My fiancée liked the lenses and tripod so much that I purchased her a set as an early birthday present.

The kit of four lenses, individual lenses and tripod can be purchased directly through my website here Kase Mobile Phone Lens Kit.

Below are some sample images taken using the four mobile lenses, along with an image showing the same scene without the lens attached in a couple of the examples.

No lens attached

No lens attached

Wide angle lens attached

Wide angle lens attached

Telephoto lens attached

Telephoto lens attached

No lens attached

No lens attached

Macro lens attached

Macro lens attached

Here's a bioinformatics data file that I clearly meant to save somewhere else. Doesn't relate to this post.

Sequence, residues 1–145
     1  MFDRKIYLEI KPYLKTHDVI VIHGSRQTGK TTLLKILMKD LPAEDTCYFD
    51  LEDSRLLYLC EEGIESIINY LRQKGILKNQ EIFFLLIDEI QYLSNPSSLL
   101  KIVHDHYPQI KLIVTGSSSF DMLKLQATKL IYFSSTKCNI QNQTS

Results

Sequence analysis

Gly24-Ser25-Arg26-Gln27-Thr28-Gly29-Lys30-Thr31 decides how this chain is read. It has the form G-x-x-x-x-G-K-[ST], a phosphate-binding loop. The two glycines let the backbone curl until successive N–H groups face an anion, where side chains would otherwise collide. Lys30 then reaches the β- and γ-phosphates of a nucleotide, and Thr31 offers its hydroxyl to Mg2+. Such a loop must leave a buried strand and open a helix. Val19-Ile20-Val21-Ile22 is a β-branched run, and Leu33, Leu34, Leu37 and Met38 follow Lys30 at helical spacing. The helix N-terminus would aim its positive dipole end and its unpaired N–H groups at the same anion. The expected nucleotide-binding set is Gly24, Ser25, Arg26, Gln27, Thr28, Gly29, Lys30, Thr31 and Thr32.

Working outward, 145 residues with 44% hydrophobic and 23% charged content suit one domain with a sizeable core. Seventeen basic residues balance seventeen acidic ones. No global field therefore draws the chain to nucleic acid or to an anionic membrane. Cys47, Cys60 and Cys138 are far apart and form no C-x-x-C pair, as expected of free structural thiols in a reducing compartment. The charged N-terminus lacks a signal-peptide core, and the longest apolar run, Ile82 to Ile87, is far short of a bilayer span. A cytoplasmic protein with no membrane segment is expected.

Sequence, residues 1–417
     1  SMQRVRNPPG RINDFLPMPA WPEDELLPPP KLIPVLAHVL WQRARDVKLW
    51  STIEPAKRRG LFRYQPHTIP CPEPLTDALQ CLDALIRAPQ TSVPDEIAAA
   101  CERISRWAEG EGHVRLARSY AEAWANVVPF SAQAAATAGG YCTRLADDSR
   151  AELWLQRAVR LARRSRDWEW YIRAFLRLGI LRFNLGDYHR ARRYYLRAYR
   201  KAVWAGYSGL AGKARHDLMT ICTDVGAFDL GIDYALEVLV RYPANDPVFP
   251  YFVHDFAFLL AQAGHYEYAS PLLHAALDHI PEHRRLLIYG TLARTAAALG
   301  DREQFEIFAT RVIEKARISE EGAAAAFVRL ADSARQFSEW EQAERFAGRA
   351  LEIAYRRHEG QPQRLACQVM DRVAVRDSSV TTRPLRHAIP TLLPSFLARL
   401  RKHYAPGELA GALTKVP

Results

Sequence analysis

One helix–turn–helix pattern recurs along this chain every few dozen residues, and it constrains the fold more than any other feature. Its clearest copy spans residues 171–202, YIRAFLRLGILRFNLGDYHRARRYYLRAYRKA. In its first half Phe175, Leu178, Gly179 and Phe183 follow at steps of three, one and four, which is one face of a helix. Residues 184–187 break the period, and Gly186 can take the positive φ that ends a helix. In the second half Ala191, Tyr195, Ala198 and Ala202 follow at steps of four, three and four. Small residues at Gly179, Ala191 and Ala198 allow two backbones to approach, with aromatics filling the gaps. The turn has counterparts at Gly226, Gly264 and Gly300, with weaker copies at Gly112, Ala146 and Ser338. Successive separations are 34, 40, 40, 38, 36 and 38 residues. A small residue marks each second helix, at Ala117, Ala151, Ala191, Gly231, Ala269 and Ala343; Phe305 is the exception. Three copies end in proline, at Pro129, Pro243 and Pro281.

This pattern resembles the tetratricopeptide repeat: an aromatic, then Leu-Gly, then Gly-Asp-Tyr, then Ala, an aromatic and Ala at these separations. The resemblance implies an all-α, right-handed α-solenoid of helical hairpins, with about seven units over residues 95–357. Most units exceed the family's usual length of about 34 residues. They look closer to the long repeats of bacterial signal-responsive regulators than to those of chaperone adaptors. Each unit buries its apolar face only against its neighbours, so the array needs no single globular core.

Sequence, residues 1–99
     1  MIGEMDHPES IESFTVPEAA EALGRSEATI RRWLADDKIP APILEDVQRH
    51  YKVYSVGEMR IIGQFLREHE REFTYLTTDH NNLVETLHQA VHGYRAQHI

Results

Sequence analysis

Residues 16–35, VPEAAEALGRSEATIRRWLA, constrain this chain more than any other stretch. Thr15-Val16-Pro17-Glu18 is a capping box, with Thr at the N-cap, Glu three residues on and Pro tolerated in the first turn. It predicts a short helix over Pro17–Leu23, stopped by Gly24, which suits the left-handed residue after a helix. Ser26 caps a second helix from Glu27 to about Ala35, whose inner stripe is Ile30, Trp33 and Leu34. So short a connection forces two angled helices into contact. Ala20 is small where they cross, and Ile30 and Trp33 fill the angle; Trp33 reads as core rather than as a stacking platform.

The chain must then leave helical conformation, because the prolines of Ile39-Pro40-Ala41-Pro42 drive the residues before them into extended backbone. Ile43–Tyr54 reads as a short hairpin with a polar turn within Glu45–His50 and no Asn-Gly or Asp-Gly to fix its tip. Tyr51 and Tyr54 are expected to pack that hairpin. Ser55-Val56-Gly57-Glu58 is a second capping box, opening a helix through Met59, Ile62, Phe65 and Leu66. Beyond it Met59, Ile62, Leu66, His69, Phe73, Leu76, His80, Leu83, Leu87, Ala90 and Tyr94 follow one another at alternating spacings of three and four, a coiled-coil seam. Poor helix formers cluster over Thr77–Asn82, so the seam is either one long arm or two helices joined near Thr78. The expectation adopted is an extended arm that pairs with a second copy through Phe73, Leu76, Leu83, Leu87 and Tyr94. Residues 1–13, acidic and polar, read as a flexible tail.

Fisheye lens attached to get a wider angle of view

Fisheye lens attached to get a wider angle of view

Fisheye lens attached, distorting the vertical columns in an already round shaped room

Fisheye lens attached, distorting the vertical columns in an already round shaped room

Kase filters review

A couple of months ago I was approached up and coming photographic filter manufacturer Kase UK, asking if I would be trying out some of their filters. Now, I had never heard of Kase before and currently use filters from Lee and Formatt Hitech, so thought it would be a good idea to see how these filters faired against the ones I currently use.

Not long after agreeing to test and review their filters I was sent one of their K100 Wolverine Master Kits.

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The K100 Wolverine Master Kit comprises of the following:

Leather case for storing your filters and filter holder

K100-X filter holder

Geared adapter rings: 77-86mm & 82-86mm

Step up rings: 67-82mm & 72-82mm

86mm slimline polariser

Wolverine 100x150mm soft GND filter GND 0.9 (3 stop Soft Grad)